The Sun is located at the center of the solar system, and the other bodies such as planets, asteroids, and comets revolve around it. Earth, as one of the planets, also revolves around the Sun. The distance between the Earth and the Sun is referred to as astronomical unit (au), which is also a unit for measuring other distances throughout the solar system. The au averages 149.6 million kilometers or 92.96 million miles. The distance between the Earth and the Sun is so great that the light from the Sun takes about eight minutes to hit the Earth’s surface, traveling at 186,000 miles per second.
Elliptical Orbit of the Earth
The au is not the exact distance, but the average distance between the Earth and the Sun, meaning the distance may sometimes vary. The Earth, like most of the planets, revolves around the Sun, with a complete revolution taking 365.25 days. However, the Earth does not move round the Sun in a perfect circle. The orbit of the Earth is elliptical or oval in shape, or like a stretched circle, with the Sun roughly at the center of the orbit. At different times of the year, the Earth either moves closer or farther away from the Sun. At perihelion, the Earth’s closest distance to the Sun, the distance between the Sun and the Earth is 91.4 million miles. The Earth is closest to the Sun in early January. At aphelion, when the Earth is furthest to the Sun, the distance between them is about 94.5 million miles. The Earth is furthest from the Sun in early July.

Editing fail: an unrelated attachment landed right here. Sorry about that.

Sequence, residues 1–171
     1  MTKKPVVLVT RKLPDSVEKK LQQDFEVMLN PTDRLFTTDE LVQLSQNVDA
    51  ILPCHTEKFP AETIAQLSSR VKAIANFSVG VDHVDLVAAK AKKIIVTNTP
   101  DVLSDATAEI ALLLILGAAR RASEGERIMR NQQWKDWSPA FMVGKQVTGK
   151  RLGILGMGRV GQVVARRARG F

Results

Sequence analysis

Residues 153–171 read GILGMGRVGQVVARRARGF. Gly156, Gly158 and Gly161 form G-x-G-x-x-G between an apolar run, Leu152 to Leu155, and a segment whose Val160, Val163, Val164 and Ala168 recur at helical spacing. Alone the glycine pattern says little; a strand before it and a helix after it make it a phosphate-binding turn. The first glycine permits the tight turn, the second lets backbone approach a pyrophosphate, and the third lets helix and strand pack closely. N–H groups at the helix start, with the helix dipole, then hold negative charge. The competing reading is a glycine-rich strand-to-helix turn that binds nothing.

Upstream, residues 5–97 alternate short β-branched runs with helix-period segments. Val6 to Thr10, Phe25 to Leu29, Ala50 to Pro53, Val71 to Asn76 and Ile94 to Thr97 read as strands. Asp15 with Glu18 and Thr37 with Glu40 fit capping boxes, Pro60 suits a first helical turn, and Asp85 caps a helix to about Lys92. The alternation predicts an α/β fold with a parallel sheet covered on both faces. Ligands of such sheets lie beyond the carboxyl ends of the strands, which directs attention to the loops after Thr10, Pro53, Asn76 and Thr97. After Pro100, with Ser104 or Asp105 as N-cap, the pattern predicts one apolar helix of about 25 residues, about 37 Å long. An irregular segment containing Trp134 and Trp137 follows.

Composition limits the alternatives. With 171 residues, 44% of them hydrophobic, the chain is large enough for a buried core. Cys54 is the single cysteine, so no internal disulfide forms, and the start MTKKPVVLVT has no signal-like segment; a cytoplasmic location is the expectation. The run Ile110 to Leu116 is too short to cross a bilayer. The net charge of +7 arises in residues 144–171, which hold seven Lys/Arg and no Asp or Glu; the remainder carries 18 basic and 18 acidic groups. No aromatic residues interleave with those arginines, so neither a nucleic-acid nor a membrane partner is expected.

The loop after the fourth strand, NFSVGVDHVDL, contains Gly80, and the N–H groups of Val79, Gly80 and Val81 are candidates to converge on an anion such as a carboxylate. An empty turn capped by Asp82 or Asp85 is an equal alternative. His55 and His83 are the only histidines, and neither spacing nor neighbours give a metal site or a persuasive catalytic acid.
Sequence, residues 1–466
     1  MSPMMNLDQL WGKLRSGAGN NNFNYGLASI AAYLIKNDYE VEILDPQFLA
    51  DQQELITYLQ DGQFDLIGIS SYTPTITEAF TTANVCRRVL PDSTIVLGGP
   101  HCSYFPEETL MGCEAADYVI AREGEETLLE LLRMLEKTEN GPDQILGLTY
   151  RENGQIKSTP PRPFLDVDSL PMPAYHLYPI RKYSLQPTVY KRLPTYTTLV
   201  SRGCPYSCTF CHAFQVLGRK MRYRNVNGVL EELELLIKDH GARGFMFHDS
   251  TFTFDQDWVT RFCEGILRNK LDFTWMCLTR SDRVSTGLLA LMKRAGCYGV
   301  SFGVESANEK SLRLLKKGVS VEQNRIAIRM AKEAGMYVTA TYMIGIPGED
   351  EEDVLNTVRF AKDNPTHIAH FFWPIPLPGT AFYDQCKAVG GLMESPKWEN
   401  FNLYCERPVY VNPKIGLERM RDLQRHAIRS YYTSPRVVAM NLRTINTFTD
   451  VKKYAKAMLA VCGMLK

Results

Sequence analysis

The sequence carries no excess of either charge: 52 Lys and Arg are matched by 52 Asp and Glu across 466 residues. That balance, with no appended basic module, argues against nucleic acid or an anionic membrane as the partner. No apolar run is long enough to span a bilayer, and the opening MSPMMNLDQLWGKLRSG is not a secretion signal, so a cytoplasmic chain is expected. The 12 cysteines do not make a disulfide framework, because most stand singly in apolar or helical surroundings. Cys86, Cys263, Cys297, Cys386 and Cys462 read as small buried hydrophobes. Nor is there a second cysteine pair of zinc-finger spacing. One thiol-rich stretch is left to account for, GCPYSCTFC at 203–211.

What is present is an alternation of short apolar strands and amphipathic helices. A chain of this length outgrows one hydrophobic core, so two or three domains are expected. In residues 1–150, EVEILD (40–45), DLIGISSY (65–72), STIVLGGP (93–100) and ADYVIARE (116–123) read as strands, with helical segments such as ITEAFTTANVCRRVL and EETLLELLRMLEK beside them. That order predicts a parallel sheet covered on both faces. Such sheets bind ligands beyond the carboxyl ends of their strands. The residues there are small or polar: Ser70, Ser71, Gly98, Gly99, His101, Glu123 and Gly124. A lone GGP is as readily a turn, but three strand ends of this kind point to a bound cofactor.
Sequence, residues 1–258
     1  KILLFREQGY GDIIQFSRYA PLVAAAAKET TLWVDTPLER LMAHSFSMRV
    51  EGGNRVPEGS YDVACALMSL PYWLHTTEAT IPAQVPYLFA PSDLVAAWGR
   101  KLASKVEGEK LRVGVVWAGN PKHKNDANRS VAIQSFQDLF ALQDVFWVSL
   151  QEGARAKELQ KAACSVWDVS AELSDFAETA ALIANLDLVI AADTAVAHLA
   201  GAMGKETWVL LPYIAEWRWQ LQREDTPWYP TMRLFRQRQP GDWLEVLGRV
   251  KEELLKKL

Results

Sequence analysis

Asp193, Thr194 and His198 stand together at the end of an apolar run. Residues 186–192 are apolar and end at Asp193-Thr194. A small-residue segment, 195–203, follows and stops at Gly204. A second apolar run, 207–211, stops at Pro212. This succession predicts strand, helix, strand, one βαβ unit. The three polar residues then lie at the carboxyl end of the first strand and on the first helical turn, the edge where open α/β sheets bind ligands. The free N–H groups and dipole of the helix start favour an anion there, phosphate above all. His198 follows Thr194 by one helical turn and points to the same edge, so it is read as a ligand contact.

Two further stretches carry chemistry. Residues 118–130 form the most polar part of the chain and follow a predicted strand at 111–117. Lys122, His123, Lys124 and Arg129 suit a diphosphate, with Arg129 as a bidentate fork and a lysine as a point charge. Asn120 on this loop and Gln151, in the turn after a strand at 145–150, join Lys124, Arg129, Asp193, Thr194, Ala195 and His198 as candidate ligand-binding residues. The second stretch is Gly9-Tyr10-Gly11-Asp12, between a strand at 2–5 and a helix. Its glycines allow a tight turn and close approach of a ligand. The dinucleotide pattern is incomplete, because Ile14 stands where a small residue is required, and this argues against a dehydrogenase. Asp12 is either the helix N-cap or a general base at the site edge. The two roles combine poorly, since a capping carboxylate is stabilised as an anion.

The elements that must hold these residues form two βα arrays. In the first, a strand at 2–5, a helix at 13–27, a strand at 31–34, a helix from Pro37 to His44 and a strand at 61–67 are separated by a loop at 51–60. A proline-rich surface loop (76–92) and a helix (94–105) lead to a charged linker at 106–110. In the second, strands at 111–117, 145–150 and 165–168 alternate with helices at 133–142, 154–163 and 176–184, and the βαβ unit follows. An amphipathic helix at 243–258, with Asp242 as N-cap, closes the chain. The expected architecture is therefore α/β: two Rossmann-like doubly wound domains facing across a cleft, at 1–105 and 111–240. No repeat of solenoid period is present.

Historical Estimations of the Distance
Greek astronomer Aristarchus became the first person to obtain the distance between the Sun and the Earth in 250 BC. In 1653, Christiaan Huygens estimated the distance to the Sun by using the phase of Venus to get the Venus-Sun-Earth triangle. For instance, when Venus is half lit by the Sun, the Earth, Sun, and Venus form a right-angled triangle. He was then able to calculate the distance between Venus and Earth, and with the distance obtained and the angle created by the triangle, Huygens managed to measure the distance between the Earth and the Sun. However, Huygen relied partly on guesswork and was not scientifically backed. In 1672, Giovanni Cassini used a parallax method to obtain the distance between Mars and Earth. He then used the distance to Mars to obtain the distance to the Sun. Cassini’s method has been considered more scientific than Huygen’s method.
With the advanced technology and sophisticated spacecraft and radar, there are now direct methods of measuring the distance between the Sun and the Earth. By applying the old methods, the value of au changes according to the location of an observer in the solar system. Moreover, the measurement depended on the mass of the Sun, and since the Sun’s mass changes as it emits energy, the value of au also changes. In August 2012, the International Astronomical Union voted to change the definition of au to the plain old number, 92,955,807 miles, which is based on the light’s speed and a fixed distance without taking into account the Sun’s mass.